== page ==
Communicate with your recommenders!

  • Make sure all recommenders know about your plans, accomplishments, and involvements. You may want to provide them with a brief resume of your activities and goals; a resume can provide the best overview of your high school involvement and contributions. Also, if there is some aspect of your transcript that needs explaining—perhaps low grades during sophomore year—it’s helpful to talk with your counselors to explain why and how you’ve changed and improved.


  • Don’t be shy. Teachers and counselors are usually happy to help you, as long as you respect their time constraints.

  • Include addressed and stamped envelopes for each school to which you’re applying.

  • Provide teachers and counselors with deadlines for each recommendation that you are requesting, especially noting the earliest deadline.

  • On the application form, waive your right to view recommendation letters. This gives more credibility to the recommendation in the eyes of the college.

  • Typically, you know your teachers well enough to know who can provide favorable reviews of your accomplishments. If in doubt, don’t hesitate to ask if they feel comfortable writing a recommendation. In some cases, you may have no choice as to who to use, but when you do, make the best choice possible.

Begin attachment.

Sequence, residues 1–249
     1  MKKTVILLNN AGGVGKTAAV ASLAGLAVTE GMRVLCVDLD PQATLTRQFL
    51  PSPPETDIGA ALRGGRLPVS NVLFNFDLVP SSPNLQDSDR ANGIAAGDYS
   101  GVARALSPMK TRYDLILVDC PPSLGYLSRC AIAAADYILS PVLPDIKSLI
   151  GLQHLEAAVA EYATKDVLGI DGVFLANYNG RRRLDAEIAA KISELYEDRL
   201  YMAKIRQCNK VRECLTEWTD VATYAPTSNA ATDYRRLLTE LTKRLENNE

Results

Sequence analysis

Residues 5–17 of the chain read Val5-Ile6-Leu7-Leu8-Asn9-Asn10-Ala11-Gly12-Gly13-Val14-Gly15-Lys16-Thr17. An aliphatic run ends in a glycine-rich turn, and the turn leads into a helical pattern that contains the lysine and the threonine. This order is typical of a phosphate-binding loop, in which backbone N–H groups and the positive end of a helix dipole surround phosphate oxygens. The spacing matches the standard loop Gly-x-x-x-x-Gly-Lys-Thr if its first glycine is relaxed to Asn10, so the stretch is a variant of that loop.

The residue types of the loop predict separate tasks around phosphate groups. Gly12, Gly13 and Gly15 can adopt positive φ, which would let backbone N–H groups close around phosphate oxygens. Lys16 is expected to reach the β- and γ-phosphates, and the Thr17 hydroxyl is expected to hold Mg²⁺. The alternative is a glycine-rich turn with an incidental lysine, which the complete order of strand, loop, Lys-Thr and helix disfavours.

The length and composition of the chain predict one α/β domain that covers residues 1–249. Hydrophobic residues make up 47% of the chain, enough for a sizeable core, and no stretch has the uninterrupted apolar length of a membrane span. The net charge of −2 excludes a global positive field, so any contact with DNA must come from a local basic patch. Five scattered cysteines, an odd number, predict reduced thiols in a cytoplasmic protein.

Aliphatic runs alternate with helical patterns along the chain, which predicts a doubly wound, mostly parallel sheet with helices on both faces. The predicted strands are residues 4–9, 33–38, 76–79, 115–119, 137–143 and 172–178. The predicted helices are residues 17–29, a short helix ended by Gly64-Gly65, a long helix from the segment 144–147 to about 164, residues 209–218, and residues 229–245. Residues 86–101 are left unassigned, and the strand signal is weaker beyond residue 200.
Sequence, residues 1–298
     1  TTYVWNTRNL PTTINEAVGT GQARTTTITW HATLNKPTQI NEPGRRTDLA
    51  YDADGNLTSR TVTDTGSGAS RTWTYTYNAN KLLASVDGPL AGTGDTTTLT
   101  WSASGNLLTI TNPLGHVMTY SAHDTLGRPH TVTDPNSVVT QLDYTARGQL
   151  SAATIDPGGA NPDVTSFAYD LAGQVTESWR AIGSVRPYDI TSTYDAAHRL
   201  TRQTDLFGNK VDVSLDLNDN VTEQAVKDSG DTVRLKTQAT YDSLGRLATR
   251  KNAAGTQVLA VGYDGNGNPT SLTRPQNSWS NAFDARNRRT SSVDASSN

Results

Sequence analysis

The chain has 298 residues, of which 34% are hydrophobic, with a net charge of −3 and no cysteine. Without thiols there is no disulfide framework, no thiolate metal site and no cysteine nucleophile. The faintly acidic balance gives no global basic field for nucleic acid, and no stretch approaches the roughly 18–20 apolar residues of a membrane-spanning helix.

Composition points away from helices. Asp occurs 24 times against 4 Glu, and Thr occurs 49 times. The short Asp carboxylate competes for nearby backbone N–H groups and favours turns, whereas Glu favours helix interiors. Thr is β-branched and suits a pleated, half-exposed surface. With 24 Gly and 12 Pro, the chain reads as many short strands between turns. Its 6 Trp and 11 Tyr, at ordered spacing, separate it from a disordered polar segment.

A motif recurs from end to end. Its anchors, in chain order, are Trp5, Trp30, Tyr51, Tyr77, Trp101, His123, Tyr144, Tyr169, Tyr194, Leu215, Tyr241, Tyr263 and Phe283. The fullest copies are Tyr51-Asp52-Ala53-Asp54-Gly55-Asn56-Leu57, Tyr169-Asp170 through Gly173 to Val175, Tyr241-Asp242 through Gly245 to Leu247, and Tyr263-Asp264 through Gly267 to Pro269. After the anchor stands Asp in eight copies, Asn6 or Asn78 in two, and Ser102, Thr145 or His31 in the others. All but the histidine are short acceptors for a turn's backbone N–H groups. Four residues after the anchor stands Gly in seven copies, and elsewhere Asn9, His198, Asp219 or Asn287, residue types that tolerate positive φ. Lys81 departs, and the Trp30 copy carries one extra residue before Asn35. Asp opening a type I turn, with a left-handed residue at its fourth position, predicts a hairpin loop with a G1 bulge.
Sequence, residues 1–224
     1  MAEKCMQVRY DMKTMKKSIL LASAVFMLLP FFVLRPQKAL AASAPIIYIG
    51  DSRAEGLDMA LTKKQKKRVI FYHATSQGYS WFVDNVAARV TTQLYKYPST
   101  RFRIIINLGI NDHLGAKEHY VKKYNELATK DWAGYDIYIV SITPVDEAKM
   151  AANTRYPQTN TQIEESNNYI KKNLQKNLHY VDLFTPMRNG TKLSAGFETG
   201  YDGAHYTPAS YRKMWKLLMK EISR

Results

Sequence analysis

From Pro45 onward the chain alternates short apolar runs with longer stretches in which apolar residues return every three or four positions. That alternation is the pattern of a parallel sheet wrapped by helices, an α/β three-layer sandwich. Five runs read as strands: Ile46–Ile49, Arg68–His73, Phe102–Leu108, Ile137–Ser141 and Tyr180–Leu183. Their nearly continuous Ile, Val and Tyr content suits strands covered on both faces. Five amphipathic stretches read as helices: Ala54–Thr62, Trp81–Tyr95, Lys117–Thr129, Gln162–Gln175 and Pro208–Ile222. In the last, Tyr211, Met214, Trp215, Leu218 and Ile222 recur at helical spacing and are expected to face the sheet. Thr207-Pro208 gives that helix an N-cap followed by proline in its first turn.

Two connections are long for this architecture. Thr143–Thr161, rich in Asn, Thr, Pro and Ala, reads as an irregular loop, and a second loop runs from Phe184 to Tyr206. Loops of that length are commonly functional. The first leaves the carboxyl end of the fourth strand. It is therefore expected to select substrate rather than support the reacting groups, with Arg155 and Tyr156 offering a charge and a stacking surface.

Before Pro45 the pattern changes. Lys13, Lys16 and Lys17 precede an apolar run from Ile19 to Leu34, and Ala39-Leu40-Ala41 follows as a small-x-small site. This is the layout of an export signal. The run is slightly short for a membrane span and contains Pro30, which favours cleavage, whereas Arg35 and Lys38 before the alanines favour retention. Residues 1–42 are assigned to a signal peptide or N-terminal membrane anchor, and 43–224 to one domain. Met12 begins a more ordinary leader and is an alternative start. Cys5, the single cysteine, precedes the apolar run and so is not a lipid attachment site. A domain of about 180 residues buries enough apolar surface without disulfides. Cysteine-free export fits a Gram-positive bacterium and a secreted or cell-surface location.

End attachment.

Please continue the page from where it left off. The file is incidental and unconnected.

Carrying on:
• Follow up with your recommendation writers a week or so prior to your first deadline, to ensure recommendations have been mailed or to see if they need additional information from you

  • Once you have decided which college to attend, write thank-you notes to everyone who provided a recommendation and tell them where you’ve decided to go to college. Be sure to do this before you leave high school.


Not all colleges will require an interview. Even the interview is optional it is recommended that you have one.


  • Dress appropriately

  • Prepare answers and stories for possible questions

  • Research the school beforehand, sometimes they ask why you are interested in their particular school

  • Have questions to ask the interviewer